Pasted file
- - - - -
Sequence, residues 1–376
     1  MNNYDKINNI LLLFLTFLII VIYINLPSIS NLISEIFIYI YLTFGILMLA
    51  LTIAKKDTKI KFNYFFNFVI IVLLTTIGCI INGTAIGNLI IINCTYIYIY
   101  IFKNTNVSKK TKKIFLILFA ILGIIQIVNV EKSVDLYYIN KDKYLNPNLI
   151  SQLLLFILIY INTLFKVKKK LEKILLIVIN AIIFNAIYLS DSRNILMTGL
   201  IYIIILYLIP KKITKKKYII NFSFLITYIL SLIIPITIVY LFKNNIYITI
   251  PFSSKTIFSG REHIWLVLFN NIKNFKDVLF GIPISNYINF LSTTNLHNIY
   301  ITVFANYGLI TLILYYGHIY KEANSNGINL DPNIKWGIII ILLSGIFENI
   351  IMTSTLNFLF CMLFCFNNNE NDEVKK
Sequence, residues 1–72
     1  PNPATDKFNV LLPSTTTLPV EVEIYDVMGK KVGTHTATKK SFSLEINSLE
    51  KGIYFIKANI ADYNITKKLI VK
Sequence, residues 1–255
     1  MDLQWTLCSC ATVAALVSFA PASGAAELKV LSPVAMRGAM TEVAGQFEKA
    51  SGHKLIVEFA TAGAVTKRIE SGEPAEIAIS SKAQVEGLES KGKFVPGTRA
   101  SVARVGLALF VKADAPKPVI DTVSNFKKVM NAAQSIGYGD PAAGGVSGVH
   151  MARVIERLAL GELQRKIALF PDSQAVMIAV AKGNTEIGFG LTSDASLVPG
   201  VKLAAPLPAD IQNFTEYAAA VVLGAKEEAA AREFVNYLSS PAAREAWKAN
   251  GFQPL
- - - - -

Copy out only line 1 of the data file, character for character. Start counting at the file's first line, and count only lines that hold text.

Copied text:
Sequence, residues 1–376